Return of the Jedi Original Ending Completed Vader’s Story

Star Wars Episode VI: Return of the Jedi brought the original by George Lucas star wars saga to its perfect conclusion. From the perspective of the film’s original audience, watching Return of the Jedi like the last slice of a star wars trilogy, this ending meant the Empire was defeated, the Rebels were victorious, and Luke Skywalker’s journey to becoming a Jedi was complete. And when the prequels were released years later and Anakin Skywalker’s story was further explored, greater importance came to Return of the Jedi like the story that saw Anakin redeemed by his son, completing a story arc spanning all six films.


For George Lucas, of course, star wars has always been the story of Anakin Skywalker and his redemption. Long before Lucas signed on to do the prequels, he was already well aware of all his star wars the stories of the characters before A new hope. Vader’s redemption at the hands of his son was always the fateful conclusion to Anakin Skywalker’s story, shaped by Lucas’ interest in mythological storytelling that dealt with generational bonds and in particular the father/son dynamic. Additionally, since the release of the original trilogy, it has been established outside of the films that Darth Vader was injured in a volcanic pit, which would eventually become the volcanic planet of Mustafar. But in the first drafts of Return of the JediVader’s fiery origins would have echoed at the time of his redemption.


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From 1978, Star Wars Monthly Issue #2 reports that Darth Vader “fell into a volcanic pit” during a duel with Obi-Wan Kenobi. Later, in the 1983 novelization of Return of the Jedi by James Kahn, Obi-Wan tells Luke that his “…father fell into a molten pit. When your father fought his way out of that fiery pool, change had been etched in him forever – he was Darth Vader, without a trace of Anakin Skywalker.” This means that Darth Vader’s backstory was determined at the start of the star wars the development of the saga and, originally, the last moments of the character would also have taken place in a volcanic environment.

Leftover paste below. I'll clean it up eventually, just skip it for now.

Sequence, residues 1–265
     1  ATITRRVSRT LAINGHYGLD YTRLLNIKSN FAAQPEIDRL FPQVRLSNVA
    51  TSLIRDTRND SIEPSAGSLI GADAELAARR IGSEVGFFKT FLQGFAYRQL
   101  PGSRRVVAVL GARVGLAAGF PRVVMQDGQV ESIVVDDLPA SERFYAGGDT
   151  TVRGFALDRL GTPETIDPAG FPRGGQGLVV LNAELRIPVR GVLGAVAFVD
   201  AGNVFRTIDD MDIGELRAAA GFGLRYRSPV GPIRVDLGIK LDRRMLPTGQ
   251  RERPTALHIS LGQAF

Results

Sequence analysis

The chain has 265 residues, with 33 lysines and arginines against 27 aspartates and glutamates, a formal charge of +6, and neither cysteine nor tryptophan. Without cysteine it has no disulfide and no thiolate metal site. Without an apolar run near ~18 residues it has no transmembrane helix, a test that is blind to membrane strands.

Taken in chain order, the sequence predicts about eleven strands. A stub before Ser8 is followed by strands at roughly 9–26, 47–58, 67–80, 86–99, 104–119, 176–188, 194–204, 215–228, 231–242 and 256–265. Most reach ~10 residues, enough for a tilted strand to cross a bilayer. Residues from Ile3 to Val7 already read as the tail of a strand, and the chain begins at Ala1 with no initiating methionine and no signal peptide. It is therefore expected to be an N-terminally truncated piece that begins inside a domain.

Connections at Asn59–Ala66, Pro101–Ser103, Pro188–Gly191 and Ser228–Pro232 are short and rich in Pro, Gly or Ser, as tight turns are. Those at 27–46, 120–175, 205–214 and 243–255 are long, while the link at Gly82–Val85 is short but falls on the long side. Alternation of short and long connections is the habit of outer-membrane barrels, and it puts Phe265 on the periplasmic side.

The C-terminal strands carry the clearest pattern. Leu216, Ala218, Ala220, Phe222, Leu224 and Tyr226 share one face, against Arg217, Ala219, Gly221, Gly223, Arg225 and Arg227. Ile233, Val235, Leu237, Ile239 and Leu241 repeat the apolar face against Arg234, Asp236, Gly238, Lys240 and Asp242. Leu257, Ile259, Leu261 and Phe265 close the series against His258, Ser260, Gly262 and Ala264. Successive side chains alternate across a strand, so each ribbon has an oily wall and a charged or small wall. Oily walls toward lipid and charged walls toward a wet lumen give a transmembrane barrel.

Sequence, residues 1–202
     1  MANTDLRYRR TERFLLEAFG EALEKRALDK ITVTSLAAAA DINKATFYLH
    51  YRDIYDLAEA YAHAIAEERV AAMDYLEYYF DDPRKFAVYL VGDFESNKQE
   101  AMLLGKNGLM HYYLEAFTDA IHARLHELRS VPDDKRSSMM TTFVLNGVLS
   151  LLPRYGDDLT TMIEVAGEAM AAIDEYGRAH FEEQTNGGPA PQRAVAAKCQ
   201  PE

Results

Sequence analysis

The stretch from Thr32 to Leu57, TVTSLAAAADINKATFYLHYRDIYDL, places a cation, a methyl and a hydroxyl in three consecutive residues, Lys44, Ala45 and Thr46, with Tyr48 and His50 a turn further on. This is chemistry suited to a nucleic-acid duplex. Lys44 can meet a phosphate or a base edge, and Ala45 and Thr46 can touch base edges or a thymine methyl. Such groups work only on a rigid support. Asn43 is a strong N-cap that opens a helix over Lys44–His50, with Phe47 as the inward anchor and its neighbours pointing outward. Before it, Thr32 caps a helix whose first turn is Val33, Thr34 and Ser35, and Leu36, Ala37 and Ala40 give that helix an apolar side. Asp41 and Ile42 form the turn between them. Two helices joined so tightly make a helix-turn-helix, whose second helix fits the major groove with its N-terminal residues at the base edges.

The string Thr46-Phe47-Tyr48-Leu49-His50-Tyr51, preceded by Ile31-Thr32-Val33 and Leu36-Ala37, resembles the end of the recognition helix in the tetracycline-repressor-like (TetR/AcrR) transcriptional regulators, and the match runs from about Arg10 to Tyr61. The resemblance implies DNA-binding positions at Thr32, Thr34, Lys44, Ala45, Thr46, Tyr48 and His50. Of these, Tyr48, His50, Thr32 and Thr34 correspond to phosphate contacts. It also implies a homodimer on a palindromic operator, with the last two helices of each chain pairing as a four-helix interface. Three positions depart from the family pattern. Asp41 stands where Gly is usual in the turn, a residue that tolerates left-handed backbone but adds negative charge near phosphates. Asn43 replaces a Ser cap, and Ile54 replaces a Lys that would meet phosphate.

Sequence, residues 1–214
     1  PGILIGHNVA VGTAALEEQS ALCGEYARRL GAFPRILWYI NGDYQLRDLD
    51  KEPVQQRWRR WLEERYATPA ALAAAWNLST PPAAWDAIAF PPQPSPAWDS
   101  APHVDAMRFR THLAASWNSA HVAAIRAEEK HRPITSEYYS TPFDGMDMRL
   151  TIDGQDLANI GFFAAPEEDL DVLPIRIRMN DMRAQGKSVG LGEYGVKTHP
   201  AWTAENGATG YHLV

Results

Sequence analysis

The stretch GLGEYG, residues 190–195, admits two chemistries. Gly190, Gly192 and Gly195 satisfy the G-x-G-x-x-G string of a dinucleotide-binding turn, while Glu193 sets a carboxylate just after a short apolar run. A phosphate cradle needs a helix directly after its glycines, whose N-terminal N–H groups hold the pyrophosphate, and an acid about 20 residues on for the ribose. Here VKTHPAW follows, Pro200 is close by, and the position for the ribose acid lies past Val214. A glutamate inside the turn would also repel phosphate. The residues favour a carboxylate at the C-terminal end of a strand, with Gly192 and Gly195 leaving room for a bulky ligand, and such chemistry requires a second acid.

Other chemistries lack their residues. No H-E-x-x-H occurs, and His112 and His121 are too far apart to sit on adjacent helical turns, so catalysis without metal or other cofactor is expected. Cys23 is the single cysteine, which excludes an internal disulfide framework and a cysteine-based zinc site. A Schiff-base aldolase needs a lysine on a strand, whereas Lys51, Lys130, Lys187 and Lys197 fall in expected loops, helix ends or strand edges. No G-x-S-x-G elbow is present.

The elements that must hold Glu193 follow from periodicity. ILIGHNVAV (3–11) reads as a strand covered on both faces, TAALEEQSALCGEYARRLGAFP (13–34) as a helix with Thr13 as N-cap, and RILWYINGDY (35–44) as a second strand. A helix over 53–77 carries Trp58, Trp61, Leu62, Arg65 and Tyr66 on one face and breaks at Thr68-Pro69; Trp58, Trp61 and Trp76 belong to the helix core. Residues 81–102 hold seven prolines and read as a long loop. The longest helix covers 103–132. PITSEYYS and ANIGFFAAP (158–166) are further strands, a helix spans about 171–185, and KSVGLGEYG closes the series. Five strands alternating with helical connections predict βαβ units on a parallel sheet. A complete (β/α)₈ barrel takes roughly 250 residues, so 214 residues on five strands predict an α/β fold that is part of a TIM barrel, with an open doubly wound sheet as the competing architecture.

The initial plans of Return of the Jedi included not one but two new Death Stars under construction. The forest moon that later became Endor was still there, but it was a sanctuary moon above the planet Had Abbadon – a sprawling city-planet at the center of the Imperial government. If Abbadon eventually became Coruscant but never made one Return of the Jedi due to the budgetary and logistical constraints of creating such a world on screen. Thus, the film’s final showdown between Luke, Darth Vader, and the Emperor shifted to the second Death Star. Before Had Abbadon was cut, however, the scene took place in the Emperor’s throne room deep inside the Imperial Palace on the city planet. And Ralph McQuarrie’s concept art shows the Emperor’s throne sitting above a lava lake.


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Playing Darth Vader’s final moments over a volcanic pool, echoing the one in which Anakin immolated himself, would have seen Vader’s birth and death occur in the Lake of Fire. the Return of the Jedi the novelization implies that Anakin’s transformation into Vader wasn’t truly complete until he suffered the burns that left him dependent on his costume, and it’s a read that holds up. While Anakin fell to the dark side before his duel with Obi-Wan on Mustafar in Revenge of the Sithit was when he was sealed in his terrifying armor that Darth Vader was truly born.


Anakin’s return at the end of Return of the Jedi occurred in the volcanic environment of Had Abbadon’s throne room, it would have been as if he had emerged from the same destructive flames into which he had disappeared decades before. Where Obi-Wan had failed to save his friend and instead watched him meet his death, Luke would have saved his father from that same fate and instead brought Anakin back from his supposed death. The Emperor’s Death Star Throne Room Showdown Is Iconic star wars scene, but Return of the JediThe original Molten Pits would have ended Darth Vader’s story where it began, more powerfully affirming Anakin’s redemption as the fate he was always destined for.


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